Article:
in lt J and ot course silver is only worth
naif as much." Ho then asked: Has
silver declined since 1873 by reason of
overproduction? and presented a tablo
giving tho production of both metals each
year or period ot years from 1515 to 18U1
in kilos, tho ratio of gold to silver in
weight and in valuo. From this ho ar
gued that: "The varying supply of the
two metals prior to 1873 never had any et-
leci iu cnanging their commercial parity
rum iuo legal ratio uxea.
Horr said: "Brother Harvey omits
11113 ono important tning. You may
make two standards by law, but tho poo
pie will discard one and use the other.
We necessan.y are compelled to do bust
ncss with one or the other unless the
value happens to ba precisely the same.
so that tho measure becomes ono and
Harvey referred to tho tablo of produc
tion 01 goia ana silver to prove that la
the time It covers, 3-'8 years, the ratio
between the quantity ot the two metals
produced llactuned from 56 to 1 to 4 to L
while the 'commercial ratio hung tonaot.
ously to the legal ratio."
Horr declared that gold had depreciated
la value 5per cent in less than 10U
years. "How do I know that gold is
cheaper than it was iu 1873? I will toll
you. Tho rate of wages, the amount of
gold that a man can got for a certain
number of hours' work, tells mo whether
gold has decreased in price or not. I can
et today twice as much gold for a day's
work following tho plow as 1 did iu l&l'J?
ugos are a'l per cent higher, paid in
gold, for the came amount of work than
in IH'iu. Has riot gold depreciated then
when you miasuro it with the great com
modity lit human toil? '
Harvey replied: "Mr. Horr says that
tvery thing lias been cheapcued. includ
ing gold. To say toat gold and products
cues pen simultaneously Is a financial
contradiction. You buy gold by exchang
ing other property for it. When it takes
moro property to buy gold than for
merly, gold has risen.
"Witn us now the price of services or
property means the gold dollar or its
equivalent. Prico has a deliuito mean
ing. It Is gold that property and labor
Is being priced In, it is not priced in luboi,
and the average human Intellect will
havo to be reduced a little lower than it Is
now, before Mr. Horr can toll the people
out on a limb and chop the limb off and
mangle them any more than the art
now mangled. Ho is trying to lead you
off on a theory that has no practical ap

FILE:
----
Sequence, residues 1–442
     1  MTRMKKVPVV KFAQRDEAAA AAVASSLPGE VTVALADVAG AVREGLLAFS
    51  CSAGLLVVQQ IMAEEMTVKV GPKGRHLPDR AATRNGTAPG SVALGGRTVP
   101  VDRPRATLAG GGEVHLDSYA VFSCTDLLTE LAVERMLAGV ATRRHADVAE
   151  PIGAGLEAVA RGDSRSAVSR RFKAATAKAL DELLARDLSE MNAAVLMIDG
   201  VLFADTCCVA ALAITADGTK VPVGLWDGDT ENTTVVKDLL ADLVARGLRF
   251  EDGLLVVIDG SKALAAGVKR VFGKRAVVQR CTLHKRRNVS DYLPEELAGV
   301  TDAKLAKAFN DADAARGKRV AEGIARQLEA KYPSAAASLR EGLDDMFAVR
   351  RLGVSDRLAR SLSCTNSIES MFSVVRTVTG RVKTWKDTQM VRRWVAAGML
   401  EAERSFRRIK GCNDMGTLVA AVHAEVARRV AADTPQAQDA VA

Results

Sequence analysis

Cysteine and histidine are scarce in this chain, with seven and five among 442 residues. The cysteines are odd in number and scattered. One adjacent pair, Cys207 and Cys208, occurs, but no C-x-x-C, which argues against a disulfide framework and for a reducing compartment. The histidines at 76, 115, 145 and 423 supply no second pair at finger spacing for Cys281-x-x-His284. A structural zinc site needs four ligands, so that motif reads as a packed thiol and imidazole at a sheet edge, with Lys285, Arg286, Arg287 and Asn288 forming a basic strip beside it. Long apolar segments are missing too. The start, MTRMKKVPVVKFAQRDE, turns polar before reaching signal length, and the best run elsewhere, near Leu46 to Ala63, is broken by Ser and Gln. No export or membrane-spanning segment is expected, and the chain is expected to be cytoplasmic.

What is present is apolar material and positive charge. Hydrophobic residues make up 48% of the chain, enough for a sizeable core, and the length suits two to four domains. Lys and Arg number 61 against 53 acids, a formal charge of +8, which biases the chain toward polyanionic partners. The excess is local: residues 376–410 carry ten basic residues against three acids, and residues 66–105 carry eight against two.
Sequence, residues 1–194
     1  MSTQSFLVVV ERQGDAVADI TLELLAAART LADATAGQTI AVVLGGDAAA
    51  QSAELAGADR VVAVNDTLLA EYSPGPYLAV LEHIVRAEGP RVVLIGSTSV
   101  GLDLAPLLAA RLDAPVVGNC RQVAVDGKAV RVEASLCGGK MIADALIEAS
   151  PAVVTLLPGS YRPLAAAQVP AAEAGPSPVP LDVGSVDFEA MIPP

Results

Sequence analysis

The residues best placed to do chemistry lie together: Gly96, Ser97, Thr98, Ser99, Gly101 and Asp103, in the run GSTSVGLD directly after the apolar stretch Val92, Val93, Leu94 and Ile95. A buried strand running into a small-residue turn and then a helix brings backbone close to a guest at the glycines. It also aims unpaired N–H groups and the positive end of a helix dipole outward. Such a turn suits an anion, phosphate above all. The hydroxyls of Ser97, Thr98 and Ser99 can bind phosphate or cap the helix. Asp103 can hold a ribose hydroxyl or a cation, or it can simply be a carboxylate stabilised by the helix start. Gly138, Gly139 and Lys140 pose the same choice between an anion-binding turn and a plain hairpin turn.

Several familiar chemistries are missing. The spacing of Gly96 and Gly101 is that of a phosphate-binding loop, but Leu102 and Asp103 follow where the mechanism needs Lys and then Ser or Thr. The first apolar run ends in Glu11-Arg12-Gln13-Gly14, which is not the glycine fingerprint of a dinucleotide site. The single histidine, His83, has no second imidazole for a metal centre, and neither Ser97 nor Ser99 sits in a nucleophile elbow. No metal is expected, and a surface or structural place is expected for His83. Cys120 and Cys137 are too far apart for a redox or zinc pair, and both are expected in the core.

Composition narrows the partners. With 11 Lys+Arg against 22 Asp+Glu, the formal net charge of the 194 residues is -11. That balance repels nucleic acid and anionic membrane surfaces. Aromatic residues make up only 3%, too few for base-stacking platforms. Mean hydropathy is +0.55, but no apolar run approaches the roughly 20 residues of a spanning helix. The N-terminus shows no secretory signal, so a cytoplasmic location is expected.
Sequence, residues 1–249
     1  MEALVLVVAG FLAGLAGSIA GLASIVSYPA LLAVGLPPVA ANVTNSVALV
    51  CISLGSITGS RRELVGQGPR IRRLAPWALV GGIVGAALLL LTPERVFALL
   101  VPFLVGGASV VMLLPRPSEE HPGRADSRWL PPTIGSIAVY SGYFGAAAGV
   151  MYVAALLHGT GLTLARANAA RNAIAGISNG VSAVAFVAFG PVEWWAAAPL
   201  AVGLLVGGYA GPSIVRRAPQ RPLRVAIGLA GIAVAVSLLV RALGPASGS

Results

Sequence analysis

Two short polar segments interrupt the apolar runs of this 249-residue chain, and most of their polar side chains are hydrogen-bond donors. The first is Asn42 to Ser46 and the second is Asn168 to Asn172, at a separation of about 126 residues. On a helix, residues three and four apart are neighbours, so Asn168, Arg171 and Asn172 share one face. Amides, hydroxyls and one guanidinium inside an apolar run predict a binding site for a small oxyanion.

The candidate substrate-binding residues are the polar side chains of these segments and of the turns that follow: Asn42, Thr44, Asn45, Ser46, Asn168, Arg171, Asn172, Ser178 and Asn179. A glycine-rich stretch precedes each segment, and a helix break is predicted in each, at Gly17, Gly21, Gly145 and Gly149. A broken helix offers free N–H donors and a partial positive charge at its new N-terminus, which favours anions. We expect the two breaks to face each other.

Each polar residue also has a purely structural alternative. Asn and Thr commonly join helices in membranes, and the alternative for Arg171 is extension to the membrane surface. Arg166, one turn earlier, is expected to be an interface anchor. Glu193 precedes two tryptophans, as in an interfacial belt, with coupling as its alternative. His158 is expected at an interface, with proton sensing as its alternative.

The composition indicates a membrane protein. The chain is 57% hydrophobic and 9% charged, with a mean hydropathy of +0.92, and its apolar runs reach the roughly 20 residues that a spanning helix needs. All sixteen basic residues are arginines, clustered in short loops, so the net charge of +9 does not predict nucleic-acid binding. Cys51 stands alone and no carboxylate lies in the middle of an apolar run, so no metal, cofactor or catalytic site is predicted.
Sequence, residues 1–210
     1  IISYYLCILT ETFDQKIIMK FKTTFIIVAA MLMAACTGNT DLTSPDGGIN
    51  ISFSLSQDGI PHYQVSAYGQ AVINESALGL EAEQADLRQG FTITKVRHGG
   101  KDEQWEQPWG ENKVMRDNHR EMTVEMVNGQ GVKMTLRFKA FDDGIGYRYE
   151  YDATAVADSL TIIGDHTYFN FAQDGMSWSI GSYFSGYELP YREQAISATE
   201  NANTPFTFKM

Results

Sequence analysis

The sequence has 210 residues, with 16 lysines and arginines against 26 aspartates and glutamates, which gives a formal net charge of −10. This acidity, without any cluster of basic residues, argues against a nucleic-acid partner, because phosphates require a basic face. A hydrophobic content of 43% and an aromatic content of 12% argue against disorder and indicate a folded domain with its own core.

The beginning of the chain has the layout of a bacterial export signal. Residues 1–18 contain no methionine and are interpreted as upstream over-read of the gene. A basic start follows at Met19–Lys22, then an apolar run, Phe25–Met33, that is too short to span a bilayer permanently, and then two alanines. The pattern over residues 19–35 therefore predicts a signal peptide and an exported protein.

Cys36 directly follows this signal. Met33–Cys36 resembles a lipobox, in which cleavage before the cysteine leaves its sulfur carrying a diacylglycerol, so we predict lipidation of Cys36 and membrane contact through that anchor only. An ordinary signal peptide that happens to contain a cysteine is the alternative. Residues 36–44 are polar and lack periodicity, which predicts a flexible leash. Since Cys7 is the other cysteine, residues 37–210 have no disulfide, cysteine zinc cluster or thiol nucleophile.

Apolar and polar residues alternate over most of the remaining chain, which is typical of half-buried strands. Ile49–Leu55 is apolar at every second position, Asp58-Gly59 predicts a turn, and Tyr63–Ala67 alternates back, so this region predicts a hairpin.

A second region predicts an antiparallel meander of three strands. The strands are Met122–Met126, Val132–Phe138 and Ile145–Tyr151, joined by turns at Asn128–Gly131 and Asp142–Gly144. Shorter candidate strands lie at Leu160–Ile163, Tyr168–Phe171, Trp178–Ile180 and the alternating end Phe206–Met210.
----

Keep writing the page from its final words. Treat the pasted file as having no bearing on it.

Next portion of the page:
plication as a monetary unit."
. Here the debate ended for the day.
At cither pcJe the iuU nsity of tho so
lar heat is one-fonrth Kreatrr than at
tho equator, liocauso at tho polo tho sun
shiuci duriug the wholo 24 hours.
M. Deuvc, an enthusiastic admirer of
Victor Hugo, has a c.llecttr.n of 1.0O0 por
traits of that author, 2,5'.0 of which are
Those who have seen ex-Spcaker Reed
since he shaved bia muatache aay that tbe
expression tf bis face Is now even more
innocent than ever.
STbaa Baby was ova., we ran B naauwsa.
Wbeo she -s a Child, she ctmJ lor Castorta.
When she bcan Xiaa. si- clung to Oaatorin,
a bulCLuarai.iLc.nUaB (
Children Cry for
Pitcher's Castorla. .
ED ROOM SUIT?
If so you can get ons at W. S. Hol
brook's, 10, 105 ad 107 East Second
This week for $10.00.
W. S. HOLBROOK,
Nos. 103, 105 and 107 East, Second street
Favorite Gas Stoves,
Ohio Ice Cream Freezers,
. The Prince Lawn Mower.
All of the above are
If you are interested
Prices never were
JOHN T, -
Corner Third Ave. and Twentieth St.
IPauMUMr. All3a lain
tnenorra, nmnrnt i
ilv iifdfi-f'iit flifn ftr'(iA I nil i-Mii
ATL'winto th AVwrrfta.
I SOc Itoatxists or bj oaX
Mli-nu liy mti. Sl.oO
rafaaS the . lima
For sale by Harts & Ullemeyer, 301
Jolin Volk 3c Co,
Mann facta rers of
Sash, Doors and Diinda,
And all kinds ot
Woodwork for Builders
StfUsK. floor! nx. WainocoatiiT
ink street, hot 4th and ttk as
VIVEYflll Oor lcr.au, fuuua. c
f'tan la Month. Hah-, lain net Writ. f-OOal
JlM I L. I IIU (jAliMl Knr l. I.I.m nil
P'alcairo. til- for pnria of mrx. (mots)
tint, n mail, worm rann euros aa sot
no u aara 1
the best of makes.
call and see them.
Rock Island, III.
CUKES V.OVV. RHEUMATISM
SI OilO people CCItKD. (il'AOANTSSD allM
Intel? the best on earth.
Testimonial, free. Ilirlily endorsed by doc
tors, hefer to Hon llenrjr Carae, cs-ouuc or
iCock Island. Write tod,.
8WANSON KllBI MAT1C CUBE CO.
in; Dearborn ft., Vbleago.
T. E. rhaan ssl XuiluS Hi bar, arati.
RALNI - t'lrnM the oanll
hI Intlitmitmtlon. Menial
mix ami mtii, aim ureas
ft fl (mW Abmrbtd.
JO.Y VUO&, M Warren bu. K. X-l
A fxltlr. Wrtttra MSP BS IWrannn aaJ
tPSaiSN TtiaiMtNT. Caaraaircoiara r.r Lll! MJaaaiWwaf a-..n.r.iU
il.. (Kith of yoiinicand mllli. Q.I uaajid xiinrB. h awful .ITsliff Yol'711-
FI'L fclcHolcs, shrunken or luidcvtflnpcdotir.lia. w.Saa, Nstvchmi IMaillT, Mwhlljr
fcnoniiiiia, f.isumptlon. Insanity, Lshaustnia' drain, aiid Inai of power of th i n
wmuvr Orffans. unfltunc on for study, busttrfsa and mama, to qulrkl? ounsl br
lip. KoSrlnncB raaal-k drain. 1 Imtt l otonlv eun- hr vt.rtuiff at Itu.
of riusm:. l.utar a snal sFair. TOMM: a4 UMMtn 111 ILttr-K, brtno..
bark tlieatnk lw fa Bala rhrfc,and n-rtoniur ll. HKK r SI TH to tlu
fwr bus or S for Sft "h wrm.a onarnaftafsrar
tiaa. nnaatsa H cm ttrala la, J
Who does not want her
washing done in the
shortest time and neat
est waj is bard to find.
Those who use
(Jet the best results, be
cause it is made from
such materials that it
csnnot injure tbe most
delicate fabric and will
save time and labor.
Follow them and jon
will find that you have
struck a pood thins;.
a&ZA? BOCZ ISLA.NL TAS &0A?
Softens the skin, heals
chapped bands and re
moves grease, paint, etc.
Warnock & Ralston
Soap Makers, Bock Island,